The leader of al Qaeda's most dangerous affiliate is the star of a propaganda video showing an unusually large gathering of apparent militants.
Nasir al-Wahishi, believed to be the leader of al Qaeda's Yemen affiliate al Qaeda in the Arabian Peninsula (AQAP), appears in good spirits as he addresses dozens of fighters as the black flag of al Qaeda flaps in the breeze among them.
"The enemy crusader still has cards to play," al-Wahishi says in the footage. "We must remember that we are always fighting against the big enemy. We must eliminate the cross held by the cross bearer America."
The highly produced, undated video was posted online at least two weeks ago and also shows the other fighters making displays of respect to al-Wahishi.
An American official told ABC News that the U.S. intelligence community believes the video is authentic and may show a gathering of escapees from a Yemen prison.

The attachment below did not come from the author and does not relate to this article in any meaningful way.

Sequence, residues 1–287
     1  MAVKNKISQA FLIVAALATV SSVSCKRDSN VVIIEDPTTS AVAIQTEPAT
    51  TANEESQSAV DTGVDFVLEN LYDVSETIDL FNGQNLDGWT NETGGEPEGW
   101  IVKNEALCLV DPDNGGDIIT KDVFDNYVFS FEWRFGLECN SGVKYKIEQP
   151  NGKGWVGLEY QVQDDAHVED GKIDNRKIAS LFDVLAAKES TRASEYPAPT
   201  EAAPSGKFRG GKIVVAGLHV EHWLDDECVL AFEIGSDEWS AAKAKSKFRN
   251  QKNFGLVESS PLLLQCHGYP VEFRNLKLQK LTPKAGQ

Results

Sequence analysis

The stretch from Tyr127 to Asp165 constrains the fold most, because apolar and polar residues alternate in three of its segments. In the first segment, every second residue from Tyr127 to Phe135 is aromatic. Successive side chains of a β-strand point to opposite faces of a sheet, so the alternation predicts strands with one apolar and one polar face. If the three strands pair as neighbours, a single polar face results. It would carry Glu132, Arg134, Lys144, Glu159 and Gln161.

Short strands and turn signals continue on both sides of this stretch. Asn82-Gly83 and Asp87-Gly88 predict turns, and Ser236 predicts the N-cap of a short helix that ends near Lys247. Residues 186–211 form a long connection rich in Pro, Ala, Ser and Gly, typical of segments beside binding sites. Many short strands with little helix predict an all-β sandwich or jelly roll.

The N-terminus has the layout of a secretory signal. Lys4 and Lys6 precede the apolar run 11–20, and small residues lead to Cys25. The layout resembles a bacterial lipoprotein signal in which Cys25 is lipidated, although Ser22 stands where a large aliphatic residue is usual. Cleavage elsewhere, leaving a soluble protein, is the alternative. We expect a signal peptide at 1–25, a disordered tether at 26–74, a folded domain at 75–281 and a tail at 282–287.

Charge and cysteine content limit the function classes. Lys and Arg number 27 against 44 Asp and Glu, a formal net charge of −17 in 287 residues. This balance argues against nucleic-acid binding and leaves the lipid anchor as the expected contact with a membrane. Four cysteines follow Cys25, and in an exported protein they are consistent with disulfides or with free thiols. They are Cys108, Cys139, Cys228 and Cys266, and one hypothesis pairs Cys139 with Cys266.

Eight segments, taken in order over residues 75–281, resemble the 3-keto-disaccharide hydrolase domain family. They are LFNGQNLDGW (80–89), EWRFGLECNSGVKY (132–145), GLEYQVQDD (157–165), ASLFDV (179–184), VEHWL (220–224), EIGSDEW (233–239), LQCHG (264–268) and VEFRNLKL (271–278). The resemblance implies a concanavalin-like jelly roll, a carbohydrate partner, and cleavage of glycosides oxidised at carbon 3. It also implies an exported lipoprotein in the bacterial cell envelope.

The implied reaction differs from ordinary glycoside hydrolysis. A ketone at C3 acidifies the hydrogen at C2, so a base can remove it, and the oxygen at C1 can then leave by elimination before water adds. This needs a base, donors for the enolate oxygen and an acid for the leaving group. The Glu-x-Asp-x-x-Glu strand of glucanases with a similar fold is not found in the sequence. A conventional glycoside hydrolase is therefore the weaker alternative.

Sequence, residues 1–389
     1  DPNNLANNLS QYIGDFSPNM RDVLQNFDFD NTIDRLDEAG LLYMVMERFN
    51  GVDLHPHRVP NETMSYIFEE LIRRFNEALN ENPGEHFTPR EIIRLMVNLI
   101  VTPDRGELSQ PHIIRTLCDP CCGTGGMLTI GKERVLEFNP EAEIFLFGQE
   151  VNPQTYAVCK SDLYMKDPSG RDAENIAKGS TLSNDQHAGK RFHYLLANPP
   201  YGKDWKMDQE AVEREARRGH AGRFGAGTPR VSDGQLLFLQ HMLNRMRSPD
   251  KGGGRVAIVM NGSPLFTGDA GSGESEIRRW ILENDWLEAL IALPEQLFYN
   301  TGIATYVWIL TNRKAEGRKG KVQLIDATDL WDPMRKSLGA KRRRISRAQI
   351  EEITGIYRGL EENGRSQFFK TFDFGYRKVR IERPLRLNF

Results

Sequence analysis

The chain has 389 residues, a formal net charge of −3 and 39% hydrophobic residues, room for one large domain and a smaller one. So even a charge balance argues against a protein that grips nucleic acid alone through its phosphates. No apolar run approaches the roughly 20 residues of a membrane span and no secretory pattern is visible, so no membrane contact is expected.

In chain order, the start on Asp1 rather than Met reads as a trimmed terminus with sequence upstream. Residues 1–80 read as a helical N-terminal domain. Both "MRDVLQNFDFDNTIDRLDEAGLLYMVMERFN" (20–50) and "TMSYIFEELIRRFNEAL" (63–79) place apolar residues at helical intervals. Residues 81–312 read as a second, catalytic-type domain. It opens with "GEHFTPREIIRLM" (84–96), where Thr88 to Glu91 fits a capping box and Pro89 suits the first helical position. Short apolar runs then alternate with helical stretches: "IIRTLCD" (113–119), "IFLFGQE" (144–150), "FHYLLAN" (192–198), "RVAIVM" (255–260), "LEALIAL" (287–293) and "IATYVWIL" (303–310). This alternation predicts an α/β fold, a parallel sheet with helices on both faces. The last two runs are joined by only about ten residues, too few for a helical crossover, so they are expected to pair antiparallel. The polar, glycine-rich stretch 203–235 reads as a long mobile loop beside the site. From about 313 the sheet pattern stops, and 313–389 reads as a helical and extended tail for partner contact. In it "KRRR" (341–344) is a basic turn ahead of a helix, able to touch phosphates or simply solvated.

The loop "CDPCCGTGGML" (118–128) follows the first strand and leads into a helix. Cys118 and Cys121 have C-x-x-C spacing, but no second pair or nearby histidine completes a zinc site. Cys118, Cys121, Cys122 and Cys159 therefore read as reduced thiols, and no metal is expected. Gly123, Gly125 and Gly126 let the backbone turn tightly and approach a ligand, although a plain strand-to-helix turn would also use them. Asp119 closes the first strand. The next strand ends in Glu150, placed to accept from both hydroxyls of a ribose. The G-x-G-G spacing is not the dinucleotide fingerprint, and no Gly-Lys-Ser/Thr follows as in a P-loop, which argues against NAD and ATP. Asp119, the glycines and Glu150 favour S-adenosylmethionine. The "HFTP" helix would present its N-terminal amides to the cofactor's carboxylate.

"The depiction of such a large gathering of fighters and the appearance of senior leaders are atypical of AQAP's propaganda videos," the official said.
The U.S. State Department today reiterated that such a large gathering was "unusual," but said such high numbers of fighters, meeting in broad daylight, did not necessarily mean anything when it comes to al Qaeda's operational strength.
"I don't think we can make generalizations about their strength based on one video, quite frankly," State Department spokesperson Marie Harf told reporters. "We know they've been gaining strength."
Top U.S. officials have previously described AQAP as the most dangerous of the al Qaeda affiliates, moreso than the terror group's core cadre led by Ayman al-Zawahiri in southwest Asia.
Counted among AQAP's members is Ibrahim al-Asiri, a devious bombmaker who is suspected of constructing explosive devices hidden in printer cartridges for the failed cargo bomb plot of 2010.
The Center for Combating Terrorism Center at West Point describes al-Wahishi as a "tiny wisp of a man with a jutting beard and soft-spoken manner" who joined al Qaeda before the 9/11 terror attacks on the U.S. Al-Wahishi himself escaped from a maximum security prison in Yemen in 2006, the center said.
ABC News' Lee Ferran contributed to this report.